China's purchasing managers' index (PMI) for the manufacturing sector dropped to a six-month low of 50.5 percent in January, according to official data released on Saturday.
January continued December's decline and indicated the lowest factory activity since August while marking the 16th straight month above the boom-bust line, according to a statement jointly released by the National Bureau of Statistics (NBS) and the China Federation of Logistics and Purchasing.
In January, the sub-index for production stood at 53.0 percent, down 0.9 percentage points from December but still 0.2 percentage points higher than last year's average. The sub-index for new orders lost 1.1 percentage points to 50.9 percent, said the statement.
The sub-index for purchase quantity moved down 1.7 percentage points to 51.0 percent in January, while the sub-index for new export orders stood at 49.3 percent, down 0.5 percentage points from December.
A PMI reading below 50 indicates contraction, while one above 50 signals expansion.
Major PMI indexes all declined in January, indicating downward pressure on the economy, but in general, the country's economy is still expecting stable growth, said Zhang Liqun, an analyst with the Development Research Center of the State Council.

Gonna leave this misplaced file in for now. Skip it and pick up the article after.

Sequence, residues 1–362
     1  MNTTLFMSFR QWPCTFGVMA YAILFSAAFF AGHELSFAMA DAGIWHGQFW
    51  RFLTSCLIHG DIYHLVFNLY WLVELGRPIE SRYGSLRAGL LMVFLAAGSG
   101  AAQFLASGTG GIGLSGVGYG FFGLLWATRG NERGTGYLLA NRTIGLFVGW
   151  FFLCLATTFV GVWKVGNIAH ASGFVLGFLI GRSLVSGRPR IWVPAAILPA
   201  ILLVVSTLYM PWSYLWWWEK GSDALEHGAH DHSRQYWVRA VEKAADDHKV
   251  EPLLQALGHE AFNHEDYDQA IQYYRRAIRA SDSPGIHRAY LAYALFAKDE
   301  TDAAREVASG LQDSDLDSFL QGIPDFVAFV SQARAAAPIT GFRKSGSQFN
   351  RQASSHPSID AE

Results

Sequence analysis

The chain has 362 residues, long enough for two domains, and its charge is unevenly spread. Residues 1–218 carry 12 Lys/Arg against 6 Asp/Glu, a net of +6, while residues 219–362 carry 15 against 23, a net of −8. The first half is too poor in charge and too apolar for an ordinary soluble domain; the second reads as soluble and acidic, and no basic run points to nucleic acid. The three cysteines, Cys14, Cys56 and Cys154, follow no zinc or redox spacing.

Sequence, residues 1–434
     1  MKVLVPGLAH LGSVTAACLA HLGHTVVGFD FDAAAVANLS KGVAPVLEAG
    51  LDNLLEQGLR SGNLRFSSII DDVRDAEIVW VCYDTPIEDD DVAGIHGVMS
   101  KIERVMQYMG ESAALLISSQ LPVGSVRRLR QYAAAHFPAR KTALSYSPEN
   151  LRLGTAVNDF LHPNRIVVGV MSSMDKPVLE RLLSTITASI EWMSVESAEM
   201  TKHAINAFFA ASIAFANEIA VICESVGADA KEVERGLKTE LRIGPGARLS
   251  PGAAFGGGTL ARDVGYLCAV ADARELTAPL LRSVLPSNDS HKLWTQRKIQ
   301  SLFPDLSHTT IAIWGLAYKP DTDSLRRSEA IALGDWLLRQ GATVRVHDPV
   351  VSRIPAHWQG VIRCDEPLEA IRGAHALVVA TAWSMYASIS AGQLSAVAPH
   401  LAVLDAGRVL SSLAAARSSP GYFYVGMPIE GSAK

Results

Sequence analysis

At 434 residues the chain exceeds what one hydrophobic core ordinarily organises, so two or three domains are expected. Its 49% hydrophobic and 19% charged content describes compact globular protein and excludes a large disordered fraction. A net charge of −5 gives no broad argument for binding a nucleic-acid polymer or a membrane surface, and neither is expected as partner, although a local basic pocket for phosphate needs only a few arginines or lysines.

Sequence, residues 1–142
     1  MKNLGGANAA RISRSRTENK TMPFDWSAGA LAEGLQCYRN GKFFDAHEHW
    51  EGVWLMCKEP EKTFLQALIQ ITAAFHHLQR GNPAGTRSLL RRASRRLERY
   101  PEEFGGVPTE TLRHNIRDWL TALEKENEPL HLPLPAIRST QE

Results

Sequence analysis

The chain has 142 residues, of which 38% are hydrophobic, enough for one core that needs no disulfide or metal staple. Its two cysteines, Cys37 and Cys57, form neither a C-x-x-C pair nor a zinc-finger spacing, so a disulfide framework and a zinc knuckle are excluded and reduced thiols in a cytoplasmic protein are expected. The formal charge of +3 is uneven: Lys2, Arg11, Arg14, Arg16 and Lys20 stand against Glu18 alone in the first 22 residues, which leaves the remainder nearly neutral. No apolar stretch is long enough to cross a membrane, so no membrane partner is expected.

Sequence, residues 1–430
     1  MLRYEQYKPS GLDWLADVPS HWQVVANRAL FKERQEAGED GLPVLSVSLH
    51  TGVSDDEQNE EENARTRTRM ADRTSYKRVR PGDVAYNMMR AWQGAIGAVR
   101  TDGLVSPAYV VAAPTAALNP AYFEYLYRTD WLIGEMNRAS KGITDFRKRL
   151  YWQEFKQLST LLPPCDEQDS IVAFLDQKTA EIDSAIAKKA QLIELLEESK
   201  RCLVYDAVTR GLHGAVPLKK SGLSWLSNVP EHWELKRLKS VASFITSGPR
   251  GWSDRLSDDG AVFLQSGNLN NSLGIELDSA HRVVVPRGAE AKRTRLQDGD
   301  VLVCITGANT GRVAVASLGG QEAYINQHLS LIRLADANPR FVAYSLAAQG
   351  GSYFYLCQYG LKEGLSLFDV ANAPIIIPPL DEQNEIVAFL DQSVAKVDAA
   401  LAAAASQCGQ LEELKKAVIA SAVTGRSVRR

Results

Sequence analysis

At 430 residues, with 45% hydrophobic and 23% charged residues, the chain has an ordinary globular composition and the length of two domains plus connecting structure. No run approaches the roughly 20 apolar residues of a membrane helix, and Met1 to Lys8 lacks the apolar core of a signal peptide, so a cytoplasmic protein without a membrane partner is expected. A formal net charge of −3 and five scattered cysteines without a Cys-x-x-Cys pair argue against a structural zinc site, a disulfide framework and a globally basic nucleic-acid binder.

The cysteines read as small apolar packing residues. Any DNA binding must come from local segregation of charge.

Falling new orders showed the growing impact of market demand restraints and enterprise competition and restructuring are expected in the future, Zhang said.
The HSBC/Markit China manufacturing PMI for January dipped to 49.5 from 50.5 in December, the first deterioration of operating conditions in the country's manufacturing sector since July.
Qu Hongbin, chief China economist with HSBC, described the dynamic as "a soft start to China's manufacturing sectors in 2014, partly due to weaker new export orders and slower domestic business activities during January."
Factory activities in January were mainly dragged down by accelerating overcapacity easing and a cut in production ahead of China's lunar new year, said Zhao Qinghe, a senior analyst with NBS.
Almost all January PMI data dropped from December in the past four years, Zhao pointed out.
The sub-index for production and business expectation rose by 1.9 percentage points to reach 51.3 percent, indicating strengthening enterprises' confidence for future economic growth.
Zhao expects an improving business environment for manufacturers and more robust play of market forces as China continues to push new reforms to restructure its economy.
The government has yet to announce its 2014 growth target, which analysts widely expect to be set at 7 percent or 7.5 percent.
Although the headline GDP growth remains stable, analysts expect a further moderation as the focus of the authorities is now turned to forging a more sustainable model and pushing ahead with various reforms.